And I think people who have an identity crisis, when they trip, are funnier BROOKE GLADSTONE: [LAUGHS] WILLIAM POWERS: than people who are not having an identity crisis. You know, and the two parties have different weaknesses. I mean, it's not as if the Republicans don't have their own Achilles heels and so forth. But since the Democrats were the new guys in town and were all over the front pages of the papers and the websites, I wanted to remind people we're back to these motifs, and it's going to be interesting and fun. BROOKE GLADSTONE: Interesting, perhaps. Fun, occasionally. But you fall back into a comfortable storyline, and you really fail to report the specificity of things. Nancy Pelosi's, quote, "inability to count votes" seems to be falling into the pratfall category, for instance, and I think it's probably a lot more complicated than that. WILLIAM POWERS: Yeah. No, I mean, that is the real hazard of these kinds of motifs, where they become so familiar for people who are covering events on short deadline, that they fall into them. And I am not for that at all.
And when I said "fun" a minute ago, what I meant by "fun" was just the kind of tableau of politics, the messiness. You know, the humanity of it, I think, is one of the best things about it, and it's something that we don't want to lose in an age when so much political coverage comes from consultants and demographers and these kind of gray sources who are talking basically about data and numbers.
And I think we tend to forget that these two parties are cultures, and they're made up of human beings. And the strengths and the weaknesses of those human beings, I think, should be a huge part of the coverage, because it's the most interesting stuff, ultimately.
You know, I got a lot of critical emails on this column, saying, how could you possibly enjoy the idea that the Democrats are going to be covered aggressively by journalists when we've just had all these years of Republican screw ups and bad policy and so forth and so on.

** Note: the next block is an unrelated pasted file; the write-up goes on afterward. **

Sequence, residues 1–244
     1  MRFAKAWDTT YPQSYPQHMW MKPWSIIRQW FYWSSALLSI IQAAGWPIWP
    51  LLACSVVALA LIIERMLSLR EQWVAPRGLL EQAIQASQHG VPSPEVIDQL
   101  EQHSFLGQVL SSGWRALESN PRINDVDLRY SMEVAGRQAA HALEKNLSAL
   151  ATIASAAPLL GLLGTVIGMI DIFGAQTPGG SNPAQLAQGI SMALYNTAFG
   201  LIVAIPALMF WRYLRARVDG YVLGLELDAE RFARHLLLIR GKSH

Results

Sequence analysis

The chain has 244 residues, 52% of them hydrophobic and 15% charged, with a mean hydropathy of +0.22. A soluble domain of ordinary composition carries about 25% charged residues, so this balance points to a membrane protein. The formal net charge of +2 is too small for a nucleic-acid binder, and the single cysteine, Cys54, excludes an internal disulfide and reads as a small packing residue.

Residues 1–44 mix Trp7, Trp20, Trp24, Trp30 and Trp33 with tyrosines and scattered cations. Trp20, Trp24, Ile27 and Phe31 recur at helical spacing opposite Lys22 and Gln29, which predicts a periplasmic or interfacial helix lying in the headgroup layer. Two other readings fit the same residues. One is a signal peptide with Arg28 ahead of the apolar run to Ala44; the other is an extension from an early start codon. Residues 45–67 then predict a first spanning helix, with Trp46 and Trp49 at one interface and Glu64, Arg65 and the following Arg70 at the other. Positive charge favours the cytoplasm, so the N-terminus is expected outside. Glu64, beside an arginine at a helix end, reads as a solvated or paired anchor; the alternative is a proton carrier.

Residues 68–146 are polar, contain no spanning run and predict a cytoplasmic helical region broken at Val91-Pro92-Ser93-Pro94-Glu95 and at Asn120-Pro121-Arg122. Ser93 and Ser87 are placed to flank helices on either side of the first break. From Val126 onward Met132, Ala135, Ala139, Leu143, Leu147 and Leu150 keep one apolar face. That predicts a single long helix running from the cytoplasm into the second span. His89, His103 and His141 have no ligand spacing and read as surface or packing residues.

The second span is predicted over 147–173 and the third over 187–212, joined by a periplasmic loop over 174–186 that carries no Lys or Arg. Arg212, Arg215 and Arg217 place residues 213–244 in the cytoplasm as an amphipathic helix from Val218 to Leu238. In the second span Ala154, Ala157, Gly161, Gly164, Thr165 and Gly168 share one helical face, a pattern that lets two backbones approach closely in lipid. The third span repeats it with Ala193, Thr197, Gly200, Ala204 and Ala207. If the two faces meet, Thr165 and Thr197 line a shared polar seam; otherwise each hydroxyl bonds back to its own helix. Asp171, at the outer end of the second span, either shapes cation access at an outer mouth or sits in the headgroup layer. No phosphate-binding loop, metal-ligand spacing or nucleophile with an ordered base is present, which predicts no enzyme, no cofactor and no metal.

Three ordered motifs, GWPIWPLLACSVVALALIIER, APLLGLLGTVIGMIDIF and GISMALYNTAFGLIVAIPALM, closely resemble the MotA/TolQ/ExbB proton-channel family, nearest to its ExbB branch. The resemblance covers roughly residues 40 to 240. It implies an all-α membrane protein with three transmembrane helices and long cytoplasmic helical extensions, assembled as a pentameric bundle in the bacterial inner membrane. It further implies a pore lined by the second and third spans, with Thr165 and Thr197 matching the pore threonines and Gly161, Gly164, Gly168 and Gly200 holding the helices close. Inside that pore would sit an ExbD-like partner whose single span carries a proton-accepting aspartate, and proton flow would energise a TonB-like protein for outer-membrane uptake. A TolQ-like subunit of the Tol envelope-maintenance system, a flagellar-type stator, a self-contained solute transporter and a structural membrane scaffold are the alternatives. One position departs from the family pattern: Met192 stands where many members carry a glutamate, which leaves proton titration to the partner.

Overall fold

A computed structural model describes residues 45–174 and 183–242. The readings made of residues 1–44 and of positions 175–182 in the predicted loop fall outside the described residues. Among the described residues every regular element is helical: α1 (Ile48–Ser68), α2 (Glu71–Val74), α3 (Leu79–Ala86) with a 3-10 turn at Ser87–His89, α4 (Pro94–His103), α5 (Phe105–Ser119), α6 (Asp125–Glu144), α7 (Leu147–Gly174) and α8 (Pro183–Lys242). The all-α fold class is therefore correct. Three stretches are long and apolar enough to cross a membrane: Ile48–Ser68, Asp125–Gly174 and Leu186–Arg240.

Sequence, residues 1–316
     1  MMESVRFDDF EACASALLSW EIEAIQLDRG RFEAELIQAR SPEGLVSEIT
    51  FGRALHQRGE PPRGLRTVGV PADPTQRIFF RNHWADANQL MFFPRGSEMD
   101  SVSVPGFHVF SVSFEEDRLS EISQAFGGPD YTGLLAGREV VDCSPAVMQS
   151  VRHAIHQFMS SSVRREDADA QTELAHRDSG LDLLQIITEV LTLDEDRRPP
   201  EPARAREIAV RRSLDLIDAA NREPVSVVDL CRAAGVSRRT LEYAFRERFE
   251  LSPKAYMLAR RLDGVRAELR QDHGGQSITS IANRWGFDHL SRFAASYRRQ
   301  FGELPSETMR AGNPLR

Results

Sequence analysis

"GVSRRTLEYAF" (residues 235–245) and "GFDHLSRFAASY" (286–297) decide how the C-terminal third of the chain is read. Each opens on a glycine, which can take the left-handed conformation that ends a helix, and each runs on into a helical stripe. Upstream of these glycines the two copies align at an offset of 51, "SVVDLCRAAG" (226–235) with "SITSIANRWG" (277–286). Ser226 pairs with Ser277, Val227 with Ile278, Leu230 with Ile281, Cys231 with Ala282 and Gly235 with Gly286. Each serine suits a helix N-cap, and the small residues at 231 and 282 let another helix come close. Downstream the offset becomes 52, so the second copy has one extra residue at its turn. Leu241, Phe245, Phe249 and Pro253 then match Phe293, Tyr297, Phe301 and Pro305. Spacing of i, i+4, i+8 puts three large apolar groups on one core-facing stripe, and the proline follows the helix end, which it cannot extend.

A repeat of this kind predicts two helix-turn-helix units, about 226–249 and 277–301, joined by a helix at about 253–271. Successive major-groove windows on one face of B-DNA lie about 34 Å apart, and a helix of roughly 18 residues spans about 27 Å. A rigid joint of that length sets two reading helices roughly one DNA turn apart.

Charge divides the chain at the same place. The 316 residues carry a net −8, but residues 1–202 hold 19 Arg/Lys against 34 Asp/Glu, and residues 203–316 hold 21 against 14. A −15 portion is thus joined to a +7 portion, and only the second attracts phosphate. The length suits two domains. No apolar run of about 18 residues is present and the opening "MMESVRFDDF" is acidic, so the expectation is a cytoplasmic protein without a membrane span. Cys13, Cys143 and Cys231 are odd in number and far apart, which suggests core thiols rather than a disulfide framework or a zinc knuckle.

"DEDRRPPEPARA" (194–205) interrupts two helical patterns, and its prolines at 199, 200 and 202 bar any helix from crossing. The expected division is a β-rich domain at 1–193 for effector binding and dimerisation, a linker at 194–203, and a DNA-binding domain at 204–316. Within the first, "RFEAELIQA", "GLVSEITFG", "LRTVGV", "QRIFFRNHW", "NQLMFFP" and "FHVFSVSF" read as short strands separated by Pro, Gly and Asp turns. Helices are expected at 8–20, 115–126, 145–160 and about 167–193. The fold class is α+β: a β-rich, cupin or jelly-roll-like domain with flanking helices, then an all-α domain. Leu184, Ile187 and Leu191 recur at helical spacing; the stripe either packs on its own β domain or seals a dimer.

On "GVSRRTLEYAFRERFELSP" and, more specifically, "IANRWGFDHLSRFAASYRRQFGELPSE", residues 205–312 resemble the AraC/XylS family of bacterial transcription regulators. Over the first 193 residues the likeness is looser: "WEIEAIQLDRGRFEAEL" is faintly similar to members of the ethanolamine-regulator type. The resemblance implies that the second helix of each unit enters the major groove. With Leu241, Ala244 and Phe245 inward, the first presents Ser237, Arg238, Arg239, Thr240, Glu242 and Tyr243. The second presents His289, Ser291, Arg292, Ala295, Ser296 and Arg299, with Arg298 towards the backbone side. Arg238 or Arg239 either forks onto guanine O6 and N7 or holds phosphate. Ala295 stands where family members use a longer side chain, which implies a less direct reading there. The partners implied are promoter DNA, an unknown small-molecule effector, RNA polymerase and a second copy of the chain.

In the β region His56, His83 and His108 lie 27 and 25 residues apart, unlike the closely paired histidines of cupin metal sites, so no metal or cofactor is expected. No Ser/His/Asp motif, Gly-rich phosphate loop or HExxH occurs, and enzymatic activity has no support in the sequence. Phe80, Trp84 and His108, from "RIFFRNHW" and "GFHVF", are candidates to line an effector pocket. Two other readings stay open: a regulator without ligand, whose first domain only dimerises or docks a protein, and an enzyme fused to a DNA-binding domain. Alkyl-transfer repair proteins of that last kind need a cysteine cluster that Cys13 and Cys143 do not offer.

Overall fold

But, you know, I really think both parties should be viewed with the gimlet eye by journalists. I think skepticism about people in power is one of the best things about journalists. BROOKE GLADSTONE: Did you think there was a sufficient amount of skepticism about the Republican Congress? WILLIAM POWERS: I think there was. You know, I think journalists are more likely to be aggressive about Democratic Congresses than they are about Republican ones -- what I call "tough love" -- because there is this drumbeat of criticism about journalists for being left leaning. BROOKE GLADSTONE: Right? WILLIAM POWERS: And because of that theme, which is now several decades old, about media bias, I think when journalists see an opportunity to be aggressive about Democrats, they tend to leap on it. BROOKE GLADSTONE: And you call it "tough love." We call it "bending over backwards" over here; at least, that's what we call it on the air. WILLIAM POWERS: [LAUGHS] I call it tough love because, let's face it, all the studies show that journalists do tend to vote Democratic in huge numbers, so there is a sympathy there, a political sympathy. But I don't think it's necessarily reflected in the coverage, and I think we're going to see that in the coverage of this Congress. BROOKE GLADSTONE: I've noticed another narrative emerging right now into full bloom. I wonder if you have. A Monday Associated Press piece described division in the Republican ranks. WILLIAM POWERS: Yes. It's the brand new motif. It's wonderful, because it's unexpected. BROOKE GLADSTONE: [LAUGHS] WILLIAM POWERS: You haven't seen that in a very long time, obviously. It feels like a ship that hasn't come on the horizon for decades. And I hope it continues in that it's a great story. I love a great story, and I think that one's very rich. And that particular one that you mentioned had great evidence. And so here's to it. BROOKE GLADSTONE: William Powers is a fellow at Harvard's Joan Shorenstein Center on the Press, Politics and Public Policy, and a columnist at National Journal. Thanks a lot. WILLIAM POWERS: Thank you. Bye bye.